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The Blood Cell by James Goss
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8513141,824 (3.75)2



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I have been very bad with watching Doctor Who since they change the Doctor. Not that I didn't mind the change. I like Peter Capaldi as the Doctor; I just haven't had time to watch it. But among my countless ebooks did I find this book that I had requested from NetGalley and since I felt that I needed to get through some Netgalley books and since the book wasn't thick (a plus, take easy thin books first before the ones with many pages) did I feel that did was a good choice. Also, the book was interesting from the start, that's a plus.

I liked the story; I liked the fast-paced style of the book. I breezed through in a day and that felt good. The story was intriguing, why was the Doctor a prisoner, what was wrong with the prison? The ending was the only thing I felt didn't belong in a Doctor Who story. It was a lot more gruesome than I have ever experienced when it comes the show. Not bad, just yikes...

3.5 stars

I received this copy from the publisher through NetGalley in return for an honest review!

Review also posted on And Now for Something Completely Different and It's a Mad Mad World ( )
  MaraBlaise | Dec 14, 2017 |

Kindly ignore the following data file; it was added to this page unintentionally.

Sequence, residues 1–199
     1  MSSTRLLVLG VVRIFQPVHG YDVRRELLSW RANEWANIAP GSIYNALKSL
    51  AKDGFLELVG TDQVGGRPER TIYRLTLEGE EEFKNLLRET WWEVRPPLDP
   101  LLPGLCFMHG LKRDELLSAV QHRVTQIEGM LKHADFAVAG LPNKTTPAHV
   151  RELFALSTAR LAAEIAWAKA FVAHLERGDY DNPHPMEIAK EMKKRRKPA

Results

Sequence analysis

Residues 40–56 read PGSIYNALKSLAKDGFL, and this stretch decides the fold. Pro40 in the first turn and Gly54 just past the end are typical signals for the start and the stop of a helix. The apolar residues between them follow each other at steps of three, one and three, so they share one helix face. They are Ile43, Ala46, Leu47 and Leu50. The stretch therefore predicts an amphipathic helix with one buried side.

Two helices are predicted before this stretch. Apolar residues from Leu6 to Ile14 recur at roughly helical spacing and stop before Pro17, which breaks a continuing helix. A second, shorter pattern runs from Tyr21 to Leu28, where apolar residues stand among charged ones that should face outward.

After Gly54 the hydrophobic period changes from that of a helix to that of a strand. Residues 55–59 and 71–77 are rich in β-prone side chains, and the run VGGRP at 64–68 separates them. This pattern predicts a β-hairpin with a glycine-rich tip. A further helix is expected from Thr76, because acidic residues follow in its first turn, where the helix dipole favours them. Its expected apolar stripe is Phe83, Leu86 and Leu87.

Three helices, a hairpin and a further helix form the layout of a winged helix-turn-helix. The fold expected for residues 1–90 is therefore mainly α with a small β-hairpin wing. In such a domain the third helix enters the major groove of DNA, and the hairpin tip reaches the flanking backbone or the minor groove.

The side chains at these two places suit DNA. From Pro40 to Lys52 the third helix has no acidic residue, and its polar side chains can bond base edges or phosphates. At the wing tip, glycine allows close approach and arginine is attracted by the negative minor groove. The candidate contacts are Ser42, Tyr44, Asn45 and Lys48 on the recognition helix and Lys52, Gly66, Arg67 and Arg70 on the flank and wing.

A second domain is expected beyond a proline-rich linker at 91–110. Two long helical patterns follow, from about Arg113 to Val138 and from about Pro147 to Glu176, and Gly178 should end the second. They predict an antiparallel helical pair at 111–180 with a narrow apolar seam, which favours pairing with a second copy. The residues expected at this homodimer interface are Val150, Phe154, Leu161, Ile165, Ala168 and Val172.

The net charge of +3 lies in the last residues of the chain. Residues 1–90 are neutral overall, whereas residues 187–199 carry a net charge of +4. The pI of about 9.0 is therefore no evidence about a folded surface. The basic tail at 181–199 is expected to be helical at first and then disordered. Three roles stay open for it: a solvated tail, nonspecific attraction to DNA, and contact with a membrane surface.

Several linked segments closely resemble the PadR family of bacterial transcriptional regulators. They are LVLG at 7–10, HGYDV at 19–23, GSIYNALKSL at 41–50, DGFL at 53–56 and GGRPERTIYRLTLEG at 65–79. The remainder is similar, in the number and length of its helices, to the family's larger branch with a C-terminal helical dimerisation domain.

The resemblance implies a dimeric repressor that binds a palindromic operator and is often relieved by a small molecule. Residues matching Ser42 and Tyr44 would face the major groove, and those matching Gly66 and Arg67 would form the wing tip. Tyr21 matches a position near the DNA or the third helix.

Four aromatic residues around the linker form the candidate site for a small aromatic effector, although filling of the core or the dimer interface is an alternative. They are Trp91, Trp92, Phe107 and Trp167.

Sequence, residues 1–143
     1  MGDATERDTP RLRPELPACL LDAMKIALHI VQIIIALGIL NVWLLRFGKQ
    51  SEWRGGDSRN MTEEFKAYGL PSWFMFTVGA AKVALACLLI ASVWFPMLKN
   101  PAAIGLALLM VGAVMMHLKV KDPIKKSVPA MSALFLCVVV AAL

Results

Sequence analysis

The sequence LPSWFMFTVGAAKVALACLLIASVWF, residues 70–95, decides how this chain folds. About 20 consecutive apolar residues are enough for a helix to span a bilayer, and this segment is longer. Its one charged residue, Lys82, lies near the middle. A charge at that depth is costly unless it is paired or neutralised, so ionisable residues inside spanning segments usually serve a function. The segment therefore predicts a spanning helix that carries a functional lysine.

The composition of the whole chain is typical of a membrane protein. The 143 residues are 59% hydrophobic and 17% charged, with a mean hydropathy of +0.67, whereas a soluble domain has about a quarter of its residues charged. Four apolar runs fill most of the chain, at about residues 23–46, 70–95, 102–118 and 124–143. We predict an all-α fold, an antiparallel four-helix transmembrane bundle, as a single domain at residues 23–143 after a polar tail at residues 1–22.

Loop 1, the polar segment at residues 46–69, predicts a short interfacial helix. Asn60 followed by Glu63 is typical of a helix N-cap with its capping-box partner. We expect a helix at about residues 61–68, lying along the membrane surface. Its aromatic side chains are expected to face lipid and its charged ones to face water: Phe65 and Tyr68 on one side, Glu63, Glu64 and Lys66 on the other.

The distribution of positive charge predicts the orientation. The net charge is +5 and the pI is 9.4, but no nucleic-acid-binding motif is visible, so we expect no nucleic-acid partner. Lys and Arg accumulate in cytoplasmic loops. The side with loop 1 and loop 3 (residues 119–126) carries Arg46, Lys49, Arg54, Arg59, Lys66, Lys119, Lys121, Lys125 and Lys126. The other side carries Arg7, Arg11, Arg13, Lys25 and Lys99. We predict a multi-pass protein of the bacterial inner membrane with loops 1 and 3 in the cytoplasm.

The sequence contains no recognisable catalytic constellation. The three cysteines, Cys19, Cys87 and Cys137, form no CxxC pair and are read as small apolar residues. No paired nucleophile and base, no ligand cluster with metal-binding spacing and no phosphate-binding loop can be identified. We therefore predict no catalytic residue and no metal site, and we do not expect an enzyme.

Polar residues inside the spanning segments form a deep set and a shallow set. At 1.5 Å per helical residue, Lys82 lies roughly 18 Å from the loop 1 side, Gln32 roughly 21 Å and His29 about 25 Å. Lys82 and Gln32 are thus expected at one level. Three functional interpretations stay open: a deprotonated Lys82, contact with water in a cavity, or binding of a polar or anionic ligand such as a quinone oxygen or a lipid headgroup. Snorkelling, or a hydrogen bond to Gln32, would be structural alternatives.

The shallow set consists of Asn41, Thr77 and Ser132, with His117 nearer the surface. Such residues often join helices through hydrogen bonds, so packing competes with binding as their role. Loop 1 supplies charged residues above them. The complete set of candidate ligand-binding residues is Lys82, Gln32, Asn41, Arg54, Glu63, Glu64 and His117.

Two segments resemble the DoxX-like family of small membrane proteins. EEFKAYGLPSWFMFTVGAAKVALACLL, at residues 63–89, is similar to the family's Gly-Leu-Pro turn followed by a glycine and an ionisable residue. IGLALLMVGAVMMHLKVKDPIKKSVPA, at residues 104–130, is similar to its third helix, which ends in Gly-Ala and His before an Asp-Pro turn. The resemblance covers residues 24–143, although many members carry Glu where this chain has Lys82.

Scroll down for the review in English.

Esta novela cambia el punto de vista habitual. Normalmente vemos la acción desde el punto de vista del Doctor, el compañero o quien sea que les está ayudando. Éste no es el caso aquí. Toda la historia está narrada desde el punto de vista del director de la prisión y añade algo interesante a la historia. Vemos los pensamientos de una persona a la que no le gusta el Doctor y al principio no sabemos por qué su opinión es tan negativa. Normalmente prefiero la narración en tercera persona, pero la primera persona funcionó muy bien, porque el director es bastante misterioso.

La caracterización del Doctor es definitivamente mejor que en Silhouette, pero todavía había momentos en los que pensé que sonaba más como el Undécimo. Sin embargo, no muchos momentos.

El argumento fue interesante, aunque me hubiera gustado ver a Clara más involucrada en esta aventura. Esto pone el punto de mira en el Doctor, pero como vemos lo que hace a través de los ojos del director, la parte del Doctor es más pequeña. Me gustó que este argumento fuera más siniestro que la mayoría de las NSAs. No hay descripciones demasiado sangrientas, pero el autor crea el argumento de tal modo que podemos rellenar los huecos fácilmente. Además, tenemos dilemas morales mayores, no tan grandes como en esta temporada de la serie, pero este libro hizo que pensara en elecciones y sus consecuencias, que no son siempre previsibles.